1.The problem of the number of fundamental physical constants. There are 19 free parameters in the model, such as particle masses, which must be experimentally determined (in addition to 10 for neutrino masses). It is not possible to independently measure these parameters.
2.Quantum gravitational force. The model does not describe the gravitational force, nor the current candidates to build a quantum theory of gravity, resemble the standard model.
3.Antimatter. Within it, matter and antimatter are symmetrical. The preponderance of matter in the universe could be explained by saying that the universe began with other initial conditions, but most physicists think this explanation is not elegant.
There are alternatives to the Standard Model of Particle Physics that attempt to address these “deficiencies”, such as string theory.
In particle physics, supersymmetry is a proposed hypothetical symmetry that would relate the properties of bosons and fermions. Although supersymmetry has not yet been experimentally verified as a symmetry of nature, it is a fundamental part of many theoretical models, including super-remember theory. Supersymmetry is also known by the English acronym SUSY.
According to the standard model of particle physics (SM), the matter is made up of fermions (in turn divided into quarks and leptons), while the particles that transmit the two fundamental interactions of nature (strong interaction and electrodelic nuclear interaction) are bosons.
Supersymmetry extends the number of PARTICLEs in the MS so that each particle has a supersymmetric companion called a super companion. Thus, each boson has a super fermion companion and vice versa.
The super companions of fermions are bosons and receive names that begin with the letter s; thus, the electron has as a super companion the electron, and the quarks, the squarks. The super companions of the bosons are fermions with names ending in -ino, so that of the photon is the fotin and that of the graviton (if gravity is included in the model), gravitino.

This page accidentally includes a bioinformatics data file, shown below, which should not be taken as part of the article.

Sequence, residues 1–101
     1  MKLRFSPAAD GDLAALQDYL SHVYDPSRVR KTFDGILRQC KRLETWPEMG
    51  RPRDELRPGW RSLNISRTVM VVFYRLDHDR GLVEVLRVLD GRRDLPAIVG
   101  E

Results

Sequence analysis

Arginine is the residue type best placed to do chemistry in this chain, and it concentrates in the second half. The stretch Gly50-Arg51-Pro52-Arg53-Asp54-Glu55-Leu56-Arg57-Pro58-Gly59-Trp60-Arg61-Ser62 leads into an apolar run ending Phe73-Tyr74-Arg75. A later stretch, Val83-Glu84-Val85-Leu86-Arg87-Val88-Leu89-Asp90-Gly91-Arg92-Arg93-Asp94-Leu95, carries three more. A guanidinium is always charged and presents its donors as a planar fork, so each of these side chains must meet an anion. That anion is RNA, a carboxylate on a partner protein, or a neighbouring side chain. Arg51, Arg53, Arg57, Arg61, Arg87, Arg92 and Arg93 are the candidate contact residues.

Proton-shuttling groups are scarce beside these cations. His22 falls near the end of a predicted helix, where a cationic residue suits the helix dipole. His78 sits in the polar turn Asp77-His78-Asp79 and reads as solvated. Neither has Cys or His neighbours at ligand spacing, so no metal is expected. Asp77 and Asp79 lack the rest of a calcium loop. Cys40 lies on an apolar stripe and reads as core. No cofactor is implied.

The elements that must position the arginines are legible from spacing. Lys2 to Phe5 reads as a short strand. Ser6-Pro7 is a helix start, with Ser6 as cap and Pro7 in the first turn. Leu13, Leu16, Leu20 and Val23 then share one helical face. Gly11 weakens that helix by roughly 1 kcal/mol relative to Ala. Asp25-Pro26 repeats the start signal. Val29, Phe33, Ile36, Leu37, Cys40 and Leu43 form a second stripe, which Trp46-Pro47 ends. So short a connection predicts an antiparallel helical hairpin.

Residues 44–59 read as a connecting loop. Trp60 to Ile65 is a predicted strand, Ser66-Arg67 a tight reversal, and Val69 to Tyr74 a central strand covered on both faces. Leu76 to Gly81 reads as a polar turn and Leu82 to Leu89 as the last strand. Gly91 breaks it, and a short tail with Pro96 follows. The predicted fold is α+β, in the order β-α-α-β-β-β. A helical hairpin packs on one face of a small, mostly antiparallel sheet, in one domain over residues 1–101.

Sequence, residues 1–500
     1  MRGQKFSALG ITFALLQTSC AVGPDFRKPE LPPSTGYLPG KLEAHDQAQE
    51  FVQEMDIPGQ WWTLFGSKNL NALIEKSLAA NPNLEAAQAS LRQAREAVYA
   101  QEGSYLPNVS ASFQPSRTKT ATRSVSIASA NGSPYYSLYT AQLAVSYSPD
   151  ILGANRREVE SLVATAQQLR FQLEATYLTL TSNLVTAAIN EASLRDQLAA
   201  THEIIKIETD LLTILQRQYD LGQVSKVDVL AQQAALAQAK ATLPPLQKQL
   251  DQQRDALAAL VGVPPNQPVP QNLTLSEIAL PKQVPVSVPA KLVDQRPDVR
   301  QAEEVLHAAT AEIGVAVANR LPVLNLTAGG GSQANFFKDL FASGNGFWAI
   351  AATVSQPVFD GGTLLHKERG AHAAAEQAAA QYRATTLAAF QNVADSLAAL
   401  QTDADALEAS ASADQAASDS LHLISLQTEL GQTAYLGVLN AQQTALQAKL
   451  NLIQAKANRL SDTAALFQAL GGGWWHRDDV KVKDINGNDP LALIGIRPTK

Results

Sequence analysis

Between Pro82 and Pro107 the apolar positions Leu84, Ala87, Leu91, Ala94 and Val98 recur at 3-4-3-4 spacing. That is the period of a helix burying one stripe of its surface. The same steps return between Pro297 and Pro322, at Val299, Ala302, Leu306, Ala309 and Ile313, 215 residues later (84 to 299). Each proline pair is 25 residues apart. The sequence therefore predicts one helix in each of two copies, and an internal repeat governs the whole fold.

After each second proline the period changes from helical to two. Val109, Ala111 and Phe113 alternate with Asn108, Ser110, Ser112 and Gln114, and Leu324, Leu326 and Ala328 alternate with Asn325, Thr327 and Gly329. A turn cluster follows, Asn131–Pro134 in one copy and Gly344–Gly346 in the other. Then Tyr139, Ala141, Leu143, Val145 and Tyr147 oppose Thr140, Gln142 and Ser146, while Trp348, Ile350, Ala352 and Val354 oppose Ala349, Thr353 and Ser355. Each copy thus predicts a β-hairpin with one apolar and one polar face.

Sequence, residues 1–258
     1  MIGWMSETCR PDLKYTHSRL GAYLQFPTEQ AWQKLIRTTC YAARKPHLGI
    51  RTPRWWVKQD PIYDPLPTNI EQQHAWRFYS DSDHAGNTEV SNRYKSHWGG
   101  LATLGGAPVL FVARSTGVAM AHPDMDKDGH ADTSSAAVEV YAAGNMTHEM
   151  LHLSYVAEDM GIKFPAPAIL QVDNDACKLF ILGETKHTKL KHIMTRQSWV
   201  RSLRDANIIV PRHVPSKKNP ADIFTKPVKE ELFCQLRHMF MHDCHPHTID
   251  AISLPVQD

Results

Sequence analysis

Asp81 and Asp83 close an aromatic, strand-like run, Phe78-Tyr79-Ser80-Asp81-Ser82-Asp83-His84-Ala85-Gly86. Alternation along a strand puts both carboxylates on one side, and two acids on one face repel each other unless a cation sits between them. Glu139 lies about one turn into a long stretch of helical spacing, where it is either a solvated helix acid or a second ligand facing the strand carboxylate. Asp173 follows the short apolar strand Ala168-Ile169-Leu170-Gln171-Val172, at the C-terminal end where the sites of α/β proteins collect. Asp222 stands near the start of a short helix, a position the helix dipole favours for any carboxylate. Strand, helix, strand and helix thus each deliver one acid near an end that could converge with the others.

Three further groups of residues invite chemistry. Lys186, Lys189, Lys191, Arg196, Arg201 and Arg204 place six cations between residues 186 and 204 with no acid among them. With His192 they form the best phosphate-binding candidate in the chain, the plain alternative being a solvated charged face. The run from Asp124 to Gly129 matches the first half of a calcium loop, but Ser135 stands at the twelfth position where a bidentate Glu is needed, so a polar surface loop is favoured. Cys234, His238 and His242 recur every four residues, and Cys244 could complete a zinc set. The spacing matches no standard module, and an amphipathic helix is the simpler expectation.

MSSM (Minimal Supersymmetric Standard Model) is defined as the minimum extension of the standard model of particle physics that involves supersymmetry.
However, because these supersymmetric companions have not yet been able to be created in the laboratory, their masses must be much larger than those of the original particles. This implies that supersymmetry, if true, is broken by some mechanism. Specifying such a mechanism results in various simplifications of the MSSM.
Some supersymmetric particles, such as neutral, could explain the problem of dark matter in the universe.
Thanks to the great potential of being able to explain many questions of Particle Physics and Astrophysics, the theory of supersymmetry has a great popularity, mainly in Theoretical Physics. The most popular scientific theories, the Theory of Great Unification and Super-Remember Theory, are supersymmetric. However, despite encouraging theoretical arguments, so far, it has not been experimentally demonstrated that supersymmetry actually exists in nature.
The first model in particle physics was presented in 1973 by Julius Wess and Bruno Zumino. This model, known as Model Wess-Zumino, is not a real model of nature, but rather a minimal supersymmetric model with only one Fermion and his super companion Boson.
Although the Wess-Zumino model does not represent a real physical model, it serves for its simplicity of example model to show certain aspects of supersymmetric physical models. The first supersymmetric model compatible with the standard model of particle physics called the Minimum Standard Supersymmetric Model (MSSM), was enunciated in 1981 by Howard Georgi and Savas Dimopoulos.
According to the MSSM, the masses of the super companions can be observed in the region between 100 GeV to 1 TeV using the particle accelerator known as the “large hadron collider” (LHC), completed in 2008 on the Franco-Swiss border. Scientists hope to demonstrate through the LHC the existence of the super companions of the elementary particles already known.